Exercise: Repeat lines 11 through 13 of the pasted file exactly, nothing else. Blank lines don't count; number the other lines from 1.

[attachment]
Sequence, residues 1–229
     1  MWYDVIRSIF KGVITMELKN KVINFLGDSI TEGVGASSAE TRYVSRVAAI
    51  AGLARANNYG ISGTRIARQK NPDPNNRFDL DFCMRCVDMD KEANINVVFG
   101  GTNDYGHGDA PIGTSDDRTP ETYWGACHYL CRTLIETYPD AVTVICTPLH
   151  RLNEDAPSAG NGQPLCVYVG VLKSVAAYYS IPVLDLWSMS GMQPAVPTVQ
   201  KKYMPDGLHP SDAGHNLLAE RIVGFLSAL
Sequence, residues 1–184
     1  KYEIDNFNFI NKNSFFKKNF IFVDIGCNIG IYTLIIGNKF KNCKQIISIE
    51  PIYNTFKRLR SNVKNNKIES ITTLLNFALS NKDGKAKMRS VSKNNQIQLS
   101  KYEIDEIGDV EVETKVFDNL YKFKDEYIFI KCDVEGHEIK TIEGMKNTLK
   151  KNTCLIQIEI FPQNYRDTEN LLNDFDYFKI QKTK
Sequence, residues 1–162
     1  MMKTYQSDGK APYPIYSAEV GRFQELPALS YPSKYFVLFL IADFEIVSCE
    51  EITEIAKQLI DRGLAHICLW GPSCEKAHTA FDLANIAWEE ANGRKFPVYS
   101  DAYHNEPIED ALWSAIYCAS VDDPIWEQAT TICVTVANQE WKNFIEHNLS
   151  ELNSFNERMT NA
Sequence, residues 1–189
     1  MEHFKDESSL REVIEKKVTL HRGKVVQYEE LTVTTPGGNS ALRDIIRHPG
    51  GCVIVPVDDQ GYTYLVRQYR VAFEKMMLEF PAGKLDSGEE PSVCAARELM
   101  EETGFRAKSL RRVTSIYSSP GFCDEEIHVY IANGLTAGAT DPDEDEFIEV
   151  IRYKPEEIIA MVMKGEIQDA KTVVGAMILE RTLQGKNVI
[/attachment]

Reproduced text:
   151  KNTCLIQIEI FPQNYRDTEN LLNDFDYFKI QKTK
Sequence, residues 1–162
     1  MMKTYQSDGK APYPIYSAEV GRFQELPALS YPSKYFVLFL IADFEIVSCE